We’d listened to this morning’s forecast with dismay. So far on our October trip we’d been lucky with the weather; now it seemed our luck was about to run out … at four o’clock to be precise. If we wanted to avoid being out on Exmoor in a torrential downpour – and we did – then an early start was imperative.
Not that either of us was feeling hugely energetic this morning. We’d enjoyed a veritable feast at the Taj Mahal last night when we’d taken the unusual step of ordering the ‘we’ll chose for you’ three-course menu. Having paid a pretty reasonable £17.95 per head, we were astounded by the amount of food placed in front of us: poppadoms and dips, delicious starters and a mixture of medium curries (lamb, chicken and vegetarian) plus pilau rice and naan breads. Though we did our best to clear our plates, we came home with almost as much food as we’d eaten.
A night of good food and wine had left us feeling rather plonkerish this morning, thus it took a huge effort to rouse ourselves and get out of the door at a reasonable hour. The main road in these parts is the A39 and if you’re travelling to the other side of Porlock as we were, then you have two options: if your car is up to it and you’re not towing a caravan, you can stick to the A39 and follow tortuous twists and turns up the horrendously steep hill out of Porlock (the gradient reaches 25% at one point) or, as those towing caravans are advised to do, you can follow the 4.2 mile toll road which offers a more gentle alternative and costs £2.50 per vehicle.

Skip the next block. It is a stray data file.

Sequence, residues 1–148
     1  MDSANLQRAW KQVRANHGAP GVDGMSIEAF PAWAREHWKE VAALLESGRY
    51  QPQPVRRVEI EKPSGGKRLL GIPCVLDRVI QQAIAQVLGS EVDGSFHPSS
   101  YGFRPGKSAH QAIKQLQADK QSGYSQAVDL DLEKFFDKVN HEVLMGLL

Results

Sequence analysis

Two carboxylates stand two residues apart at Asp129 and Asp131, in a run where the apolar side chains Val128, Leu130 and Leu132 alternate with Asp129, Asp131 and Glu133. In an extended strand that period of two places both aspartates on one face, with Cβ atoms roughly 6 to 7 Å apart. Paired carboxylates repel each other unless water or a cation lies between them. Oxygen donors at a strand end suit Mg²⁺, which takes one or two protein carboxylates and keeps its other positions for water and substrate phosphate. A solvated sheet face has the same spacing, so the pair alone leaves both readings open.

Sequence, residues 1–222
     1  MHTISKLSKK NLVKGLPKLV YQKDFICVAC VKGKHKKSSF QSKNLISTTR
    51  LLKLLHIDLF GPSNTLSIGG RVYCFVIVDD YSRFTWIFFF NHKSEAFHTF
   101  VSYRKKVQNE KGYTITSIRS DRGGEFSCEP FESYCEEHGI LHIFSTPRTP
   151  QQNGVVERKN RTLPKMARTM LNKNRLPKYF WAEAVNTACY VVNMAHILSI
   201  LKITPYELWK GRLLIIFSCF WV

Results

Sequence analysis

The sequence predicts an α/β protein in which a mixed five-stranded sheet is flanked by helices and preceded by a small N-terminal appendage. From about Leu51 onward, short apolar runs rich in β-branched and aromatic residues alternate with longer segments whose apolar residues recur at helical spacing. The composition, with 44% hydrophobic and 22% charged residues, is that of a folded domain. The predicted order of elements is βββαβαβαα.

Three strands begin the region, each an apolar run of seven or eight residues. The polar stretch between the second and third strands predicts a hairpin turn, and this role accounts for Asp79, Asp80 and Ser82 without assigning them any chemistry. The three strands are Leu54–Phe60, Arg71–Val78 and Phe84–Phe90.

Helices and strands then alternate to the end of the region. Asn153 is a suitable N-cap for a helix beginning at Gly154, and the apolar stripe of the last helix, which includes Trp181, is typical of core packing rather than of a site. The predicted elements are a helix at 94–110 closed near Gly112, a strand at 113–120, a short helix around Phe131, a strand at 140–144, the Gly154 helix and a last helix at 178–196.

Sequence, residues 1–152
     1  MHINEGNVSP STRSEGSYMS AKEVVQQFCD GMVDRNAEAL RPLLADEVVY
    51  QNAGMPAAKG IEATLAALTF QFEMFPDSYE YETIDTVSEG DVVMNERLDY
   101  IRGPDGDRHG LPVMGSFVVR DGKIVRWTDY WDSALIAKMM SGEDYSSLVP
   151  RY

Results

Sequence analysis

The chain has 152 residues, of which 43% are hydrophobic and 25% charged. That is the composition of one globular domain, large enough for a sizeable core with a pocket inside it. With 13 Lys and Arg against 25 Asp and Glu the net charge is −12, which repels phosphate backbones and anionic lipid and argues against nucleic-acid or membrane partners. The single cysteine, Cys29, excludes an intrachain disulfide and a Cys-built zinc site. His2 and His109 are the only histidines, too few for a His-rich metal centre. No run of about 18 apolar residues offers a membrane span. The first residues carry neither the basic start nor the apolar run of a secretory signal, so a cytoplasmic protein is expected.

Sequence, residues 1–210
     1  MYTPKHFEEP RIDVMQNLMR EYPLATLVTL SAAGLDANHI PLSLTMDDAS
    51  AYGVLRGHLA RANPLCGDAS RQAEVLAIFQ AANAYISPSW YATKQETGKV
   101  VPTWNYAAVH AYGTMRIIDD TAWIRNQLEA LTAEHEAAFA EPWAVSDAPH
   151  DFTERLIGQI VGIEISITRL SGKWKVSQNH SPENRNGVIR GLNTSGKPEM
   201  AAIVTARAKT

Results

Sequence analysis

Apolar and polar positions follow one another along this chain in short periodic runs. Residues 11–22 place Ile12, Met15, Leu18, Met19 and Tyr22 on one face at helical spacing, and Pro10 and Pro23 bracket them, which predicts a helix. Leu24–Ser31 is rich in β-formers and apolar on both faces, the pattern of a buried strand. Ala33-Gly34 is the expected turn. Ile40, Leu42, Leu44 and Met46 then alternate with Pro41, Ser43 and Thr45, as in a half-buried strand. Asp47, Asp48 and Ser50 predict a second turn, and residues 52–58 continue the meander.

Harri decided our ten-year-old Hyundai Matrix was up to scaling the infamous Porlock hill (it’s so bad it features on a website called Dangerous Roads), but as our ears popped and our automatic worked its way down the gears I feared he might have been over-confident. After a nerve-wracking few minutes, we emerged on the top of the cliffs into very different weather conditions to those we’d left at sea level. The scenery was no longer picturesque but stark and bleak; the sweeping hills to our left were shrouded in low-lying clouds and we could feel the crosswind blowing across the moorland from inside the car.
By the time Harri pulled up in the free car park at County Gate, it was all I could do to drag myself from the warmth of the car and step out into the blustery conditions. And it was raining. Six hours ahead of time! I was not amused.
Battling against strong winds and rain, we set off along a narrow footpath which meandered around the hillside just below the high ridge. Goodness, it was cold. Harri was certain the wind was coming off the land, a good omen, he felt, for our afternoon’s coastal walking. I couldn’t care a jot which way it was coming from; my feet were soaked and my ears ice-cold. At that moment, all I wanted to do was drive back to our lovely, dry cottage in Periton.
Exmoor National Park straddles Somerset and Devon and County Gate stands right on the border of the two counties; for the first time this week we’d be walking in Devon. Despite the weather, it was difficult not to be impressed by the spectacular landscape and the autumnal colours of the Doone and East Lyn valleys. It stopped raining and we began to descend to the village of Brendon along a footpath that had been badly churned up by horses’ hooves. We thought it must be a popular horse-riding route until we spotted the real culprits – a group of wild ponies grazing on the lower reaches of the slopes.